Are Inhaled Steroids the Best Treatment for Mild Asthma?
A new study sheds some doubt on the question of whether inhaled steroids are the best treatment approach for those who have mild, persistent asthma.1
Mild asthma is different
First, let's talk about a significant way that the mild forms of asthma differ from the more severe forms, which are harder to control. Certain white blood cells in the lung are part of the body's immune system and are called eosinophils. These eosinophils are biomarkers of inflammation in the lung.1
Past studies have shown that many people with mild persistent asthma had very low levels of these inflammatory cells. In contrast, people with severe asthma tend to have very high levels of these same cells. Studies have also shown that people with low eosinophils do not respond as well to steroid treatment.
But information on eosinophils in people with mild asthma has been somewhat lacking. Measuring levels of these biomarkers is complex and generally used only in cases of severe asthma.
Although considered the "gold standard" of asthma treatment, inhaled steroids are expensive and can also sometimes have unwanted side effects. So, researchers decided to take a closer look at people with mild asthma. Their goal was to see if there might be other treatment methods that would work just as well in controlling symptoms.1
Details of the study
The study was funded by the National Heart, Lung, and Blood Institute (NHLBI), part of the National Institutes of Health (NIH). It was published recently in the New England Journal of Medicine (NEJM). In addition, it was presented at the international conference of the American Thoracic Society in May of this year.
Here are a few facts about the study:1
- Included 295 people over the age of 12 with mild persistent asthma
- Group was divided into two groups, either high eosinophils or low eosinophils
- Participants were assigned in random sequence to each of three treatment groups for 12-week periods: inhaled steroids; long-acting muscarinic antagonists (LAMA), a nonsteroidal treatment for uncontrolled asthma; or placebo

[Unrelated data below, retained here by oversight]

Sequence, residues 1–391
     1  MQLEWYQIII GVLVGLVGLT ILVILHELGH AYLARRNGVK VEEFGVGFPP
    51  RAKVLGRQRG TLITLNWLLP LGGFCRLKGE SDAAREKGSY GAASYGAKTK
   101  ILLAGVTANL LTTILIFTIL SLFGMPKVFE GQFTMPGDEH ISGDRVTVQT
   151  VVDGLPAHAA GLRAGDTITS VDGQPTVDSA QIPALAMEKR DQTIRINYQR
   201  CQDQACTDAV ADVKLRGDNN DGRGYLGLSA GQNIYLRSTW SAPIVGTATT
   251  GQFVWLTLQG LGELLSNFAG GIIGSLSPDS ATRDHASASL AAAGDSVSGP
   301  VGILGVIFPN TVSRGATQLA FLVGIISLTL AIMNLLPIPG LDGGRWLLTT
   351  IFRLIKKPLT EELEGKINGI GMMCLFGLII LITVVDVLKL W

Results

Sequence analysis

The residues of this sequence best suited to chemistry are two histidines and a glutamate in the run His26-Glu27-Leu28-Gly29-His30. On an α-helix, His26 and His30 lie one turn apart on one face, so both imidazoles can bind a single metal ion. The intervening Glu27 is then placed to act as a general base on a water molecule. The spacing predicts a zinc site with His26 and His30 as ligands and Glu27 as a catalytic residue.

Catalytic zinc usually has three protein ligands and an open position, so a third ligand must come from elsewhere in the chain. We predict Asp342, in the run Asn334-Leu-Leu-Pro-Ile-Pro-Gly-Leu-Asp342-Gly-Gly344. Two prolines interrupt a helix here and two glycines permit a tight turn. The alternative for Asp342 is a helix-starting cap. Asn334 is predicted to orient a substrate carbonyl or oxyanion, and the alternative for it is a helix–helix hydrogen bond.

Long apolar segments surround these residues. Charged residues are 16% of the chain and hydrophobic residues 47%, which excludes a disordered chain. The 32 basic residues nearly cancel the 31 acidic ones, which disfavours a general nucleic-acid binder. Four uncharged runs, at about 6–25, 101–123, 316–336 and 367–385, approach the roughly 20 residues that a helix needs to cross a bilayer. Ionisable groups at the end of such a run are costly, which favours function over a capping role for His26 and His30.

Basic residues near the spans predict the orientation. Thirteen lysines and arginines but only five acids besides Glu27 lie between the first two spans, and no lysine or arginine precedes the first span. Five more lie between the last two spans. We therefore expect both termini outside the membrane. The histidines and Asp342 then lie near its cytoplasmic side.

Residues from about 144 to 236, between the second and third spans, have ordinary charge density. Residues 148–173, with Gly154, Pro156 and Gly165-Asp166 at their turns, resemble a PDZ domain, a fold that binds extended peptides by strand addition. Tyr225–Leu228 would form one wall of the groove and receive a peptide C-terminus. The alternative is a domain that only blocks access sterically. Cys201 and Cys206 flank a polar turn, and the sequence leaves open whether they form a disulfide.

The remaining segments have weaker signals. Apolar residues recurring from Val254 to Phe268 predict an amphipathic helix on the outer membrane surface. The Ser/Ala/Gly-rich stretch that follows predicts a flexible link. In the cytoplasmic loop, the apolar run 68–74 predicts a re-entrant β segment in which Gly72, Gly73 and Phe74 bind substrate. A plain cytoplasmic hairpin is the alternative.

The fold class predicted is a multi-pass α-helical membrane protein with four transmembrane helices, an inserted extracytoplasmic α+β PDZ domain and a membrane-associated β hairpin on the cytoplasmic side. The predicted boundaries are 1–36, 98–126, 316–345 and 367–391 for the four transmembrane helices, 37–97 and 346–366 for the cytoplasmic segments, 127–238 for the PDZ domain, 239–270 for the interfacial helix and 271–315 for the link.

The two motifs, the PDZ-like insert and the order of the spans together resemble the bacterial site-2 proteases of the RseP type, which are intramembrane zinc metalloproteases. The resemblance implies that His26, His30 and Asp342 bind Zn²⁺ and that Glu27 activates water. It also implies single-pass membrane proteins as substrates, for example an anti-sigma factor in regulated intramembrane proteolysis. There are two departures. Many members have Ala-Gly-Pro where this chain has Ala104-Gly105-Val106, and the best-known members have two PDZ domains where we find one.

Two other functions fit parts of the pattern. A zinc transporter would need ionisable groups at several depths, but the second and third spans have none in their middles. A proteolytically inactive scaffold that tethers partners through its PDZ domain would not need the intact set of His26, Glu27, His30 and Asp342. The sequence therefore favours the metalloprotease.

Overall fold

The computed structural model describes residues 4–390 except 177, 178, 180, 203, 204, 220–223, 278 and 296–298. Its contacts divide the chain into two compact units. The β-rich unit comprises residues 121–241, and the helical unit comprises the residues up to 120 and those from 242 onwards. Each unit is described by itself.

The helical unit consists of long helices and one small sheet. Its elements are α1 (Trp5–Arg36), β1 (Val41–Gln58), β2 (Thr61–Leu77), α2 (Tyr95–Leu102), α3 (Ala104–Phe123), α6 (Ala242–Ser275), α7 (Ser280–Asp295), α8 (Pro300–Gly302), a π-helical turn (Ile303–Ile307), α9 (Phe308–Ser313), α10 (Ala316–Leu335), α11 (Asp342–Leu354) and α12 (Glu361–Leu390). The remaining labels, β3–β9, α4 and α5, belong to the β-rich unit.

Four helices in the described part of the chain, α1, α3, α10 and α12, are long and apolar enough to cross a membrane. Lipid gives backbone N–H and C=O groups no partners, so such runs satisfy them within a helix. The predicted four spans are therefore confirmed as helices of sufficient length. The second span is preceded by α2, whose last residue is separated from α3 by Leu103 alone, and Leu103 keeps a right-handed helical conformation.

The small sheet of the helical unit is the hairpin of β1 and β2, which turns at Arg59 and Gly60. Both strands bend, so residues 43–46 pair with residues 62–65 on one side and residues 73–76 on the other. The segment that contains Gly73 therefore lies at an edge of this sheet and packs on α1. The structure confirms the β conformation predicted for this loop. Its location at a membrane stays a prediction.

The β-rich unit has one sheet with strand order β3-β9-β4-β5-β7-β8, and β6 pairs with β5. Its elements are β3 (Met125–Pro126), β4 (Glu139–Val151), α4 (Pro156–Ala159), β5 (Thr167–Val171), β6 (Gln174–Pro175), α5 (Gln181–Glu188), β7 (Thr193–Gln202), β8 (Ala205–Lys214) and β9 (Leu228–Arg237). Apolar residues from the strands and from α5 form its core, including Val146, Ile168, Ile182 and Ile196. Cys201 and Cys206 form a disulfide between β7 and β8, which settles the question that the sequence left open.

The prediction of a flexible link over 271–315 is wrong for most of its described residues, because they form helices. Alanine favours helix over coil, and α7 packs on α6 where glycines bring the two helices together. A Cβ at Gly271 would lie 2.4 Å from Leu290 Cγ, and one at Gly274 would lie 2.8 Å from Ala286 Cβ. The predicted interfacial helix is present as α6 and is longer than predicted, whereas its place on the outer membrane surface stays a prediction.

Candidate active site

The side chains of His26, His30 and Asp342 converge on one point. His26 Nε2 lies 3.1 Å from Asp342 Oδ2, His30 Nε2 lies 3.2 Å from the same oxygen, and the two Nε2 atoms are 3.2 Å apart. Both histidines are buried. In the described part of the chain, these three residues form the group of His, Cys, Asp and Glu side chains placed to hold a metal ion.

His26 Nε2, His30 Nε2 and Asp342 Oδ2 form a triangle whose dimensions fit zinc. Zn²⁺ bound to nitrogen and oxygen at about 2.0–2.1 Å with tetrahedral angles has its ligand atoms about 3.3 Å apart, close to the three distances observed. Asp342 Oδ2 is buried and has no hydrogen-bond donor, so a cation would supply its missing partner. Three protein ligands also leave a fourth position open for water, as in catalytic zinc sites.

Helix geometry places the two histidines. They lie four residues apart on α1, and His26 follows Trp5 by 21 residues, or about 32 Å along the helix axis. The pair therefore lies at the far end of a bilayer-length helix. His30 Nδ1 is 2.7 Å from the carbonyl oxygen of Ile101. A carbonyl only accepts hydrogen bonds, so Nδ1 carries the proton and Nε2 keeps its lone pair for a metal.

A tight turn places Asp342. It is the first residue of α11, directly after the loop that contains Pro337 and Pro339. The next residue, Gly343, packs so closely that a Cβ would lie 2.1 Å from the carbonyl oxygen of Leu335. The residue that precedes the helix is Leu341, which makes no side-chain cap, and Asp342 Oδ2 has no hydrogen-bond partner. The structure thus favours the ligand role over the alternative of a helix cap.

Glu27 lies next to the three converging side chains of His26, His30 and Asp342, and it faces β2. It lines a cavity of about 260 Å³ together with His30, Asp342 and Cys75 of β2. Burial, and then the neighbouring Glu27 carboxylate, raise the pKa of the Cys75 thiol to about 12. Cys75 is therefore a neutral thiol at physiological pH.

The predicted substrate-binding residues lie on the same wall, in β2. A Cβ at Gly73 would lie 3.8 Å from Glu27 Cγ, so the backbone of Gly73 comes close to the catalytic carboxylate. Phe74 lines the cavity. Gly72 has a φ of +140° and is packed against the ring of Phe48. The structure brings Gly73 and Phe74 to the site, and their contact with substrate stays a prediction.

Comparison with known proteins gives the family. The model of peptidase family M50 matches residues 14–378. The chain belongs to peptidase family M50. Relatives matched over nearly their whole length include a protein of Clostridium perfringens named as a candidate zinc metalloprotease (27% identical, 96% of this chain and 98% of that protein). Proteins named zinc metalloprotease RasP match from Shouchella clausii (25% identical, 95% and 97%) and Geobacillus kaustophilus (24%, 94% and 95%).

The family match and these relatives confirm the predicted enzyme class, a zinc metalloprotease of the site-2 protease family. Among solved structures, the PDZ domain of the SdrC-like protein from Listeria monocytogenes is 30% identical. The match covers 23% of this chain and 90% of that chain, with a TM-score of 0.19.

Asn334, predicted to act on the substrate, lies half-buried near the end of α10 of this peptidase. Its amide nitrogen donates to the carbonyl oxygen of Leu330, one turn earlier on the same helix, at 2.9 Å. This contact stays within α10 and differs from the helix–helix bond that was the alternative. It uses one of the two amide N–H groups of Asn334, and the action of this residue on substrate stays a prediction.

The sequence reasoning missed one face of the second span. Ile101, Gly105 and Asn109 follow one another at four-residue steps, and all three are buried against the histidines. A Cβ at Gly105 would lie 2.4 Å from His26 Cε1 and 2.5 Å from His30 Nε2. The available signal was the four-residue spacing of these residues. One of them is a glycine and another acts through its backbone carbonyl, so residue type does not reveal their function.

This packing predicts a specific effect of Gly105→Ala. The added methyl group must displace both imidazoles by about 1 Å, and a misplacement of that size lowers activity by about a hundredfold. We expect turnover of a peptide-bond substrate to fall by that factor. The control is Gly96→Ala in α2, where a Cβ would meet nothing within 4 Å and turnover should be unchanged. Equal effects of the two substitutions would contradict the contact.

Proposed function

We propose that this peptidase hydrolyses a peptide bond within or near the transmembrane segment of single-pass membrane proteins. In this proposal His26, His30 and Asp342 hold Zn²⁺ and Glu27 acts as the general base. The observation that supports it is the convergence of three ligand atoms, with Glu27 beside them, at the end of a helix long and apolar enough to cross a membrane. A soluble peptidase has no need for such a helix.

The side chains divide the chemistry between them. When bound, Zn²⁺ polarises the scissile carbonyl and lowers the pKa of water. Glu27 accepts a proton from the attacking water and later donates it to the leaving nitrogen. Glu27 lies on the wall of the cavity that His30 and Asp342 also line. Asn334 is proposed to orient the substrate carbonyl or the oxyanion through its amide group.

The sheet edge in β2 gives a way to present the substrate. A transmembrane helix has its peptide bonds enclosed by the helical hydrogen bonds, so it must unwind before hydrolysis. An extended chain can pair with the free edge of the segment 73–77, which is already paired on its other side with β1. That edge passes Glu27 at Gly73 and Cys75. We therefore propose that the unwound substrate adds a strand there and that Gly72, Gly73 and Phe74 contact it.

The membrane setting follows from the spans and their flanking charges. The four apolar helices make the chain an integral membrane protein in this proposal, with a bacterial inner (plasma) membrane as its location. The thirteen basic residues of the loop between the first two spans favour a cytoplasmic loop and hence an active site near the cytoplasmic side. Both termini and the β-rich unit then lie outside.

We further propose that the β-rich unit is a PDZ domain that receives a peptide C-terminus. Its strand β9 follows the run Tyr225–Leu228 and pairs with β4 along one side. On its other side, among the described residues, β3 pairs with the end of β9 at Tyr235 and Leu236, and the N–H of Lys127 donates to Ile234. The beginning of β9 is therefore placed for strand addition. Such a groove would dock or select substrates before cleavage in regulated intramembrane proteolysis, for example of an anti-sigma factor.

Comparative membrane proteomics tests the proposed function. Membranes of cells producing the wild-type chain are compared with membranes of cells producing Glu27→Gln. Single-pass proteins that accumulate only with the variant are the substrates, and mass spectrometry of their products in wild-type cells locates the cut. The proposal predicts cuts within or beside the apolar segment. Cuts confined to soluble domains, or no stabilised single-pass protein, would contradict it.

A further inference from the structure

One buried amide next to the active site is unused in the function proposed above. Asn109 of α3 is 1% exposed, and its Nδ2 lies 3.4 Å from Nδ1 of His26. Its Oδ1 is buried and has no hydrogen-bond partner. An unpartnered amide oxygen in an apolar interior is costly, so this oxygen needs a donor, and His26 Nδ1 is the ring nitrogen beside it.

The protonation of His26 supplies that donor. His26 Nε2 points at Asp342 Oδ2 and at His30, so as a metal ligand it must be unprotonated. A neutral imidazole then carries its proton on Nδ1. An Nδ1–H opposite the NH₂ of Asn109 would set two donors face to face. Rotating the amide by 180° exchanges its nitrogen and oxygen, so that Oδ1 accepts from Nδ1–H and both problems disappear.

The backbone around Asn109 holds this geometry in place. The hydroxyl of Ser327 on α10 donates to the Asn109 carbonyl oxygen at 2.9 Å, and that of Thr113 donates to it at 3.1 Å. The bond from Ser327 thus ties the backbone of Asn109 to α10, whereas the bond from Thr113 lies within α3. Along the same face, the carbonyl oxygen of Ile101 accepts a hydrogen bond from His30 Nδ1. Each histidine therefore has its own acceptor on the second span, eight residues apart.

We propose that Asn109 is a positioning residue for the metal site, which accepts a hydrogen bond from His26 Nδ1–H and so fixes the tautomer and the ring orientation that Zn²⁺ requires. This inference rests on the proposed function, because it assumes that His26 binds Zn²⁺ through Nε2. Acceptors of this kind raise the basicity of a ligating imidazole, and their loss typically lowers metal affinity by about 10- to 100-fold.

- By the end of the study, each participant had rotated through all 3 different treatment methods
Past studies suggested that about half of people with mild, persistent asthma have low eosinophil levels. But, in this study, 73% of the participants had low levels. This was much higher than expected.
Those who were "eos-low" did not respond any better to inhaled steroids than to placebo. However, the small number who were "eos-high" did respond much more positively to inhaled steroids.
62% of the "eos-low" group responded better to the LAMA treatment than they did to placebo. Although this was a relatively low number, it still suggests that LAMA medicines may be a better choice for mild asthmatics than inhaled steroids.
During the course of the study, there were no significant differences in asthma attacks or treatment failures between any of the groups.
The study authors and other reviewers emphasize that this study was too small a sample size to spur widespread changes in treatment for those with mild, persistent asthma. Although the results are intriguing, there is not enough evidence yet to stop prescribing steroids as the standard. However, the study does add to the overall body of evidence in that direction.
In addition, experts say that these results do indicate a need for larger, more definitive studies in this direction. But for now, people with asthma should continue to follow their doctor’s current treatment plan. It could be that we mild asthmatics will see changes in the future, though. I know I'd love to give up my expensive inhaled steroid!
What are your thoughts? Please share in the comments below!
Do you get muscle cramps caused by your asthma medicine?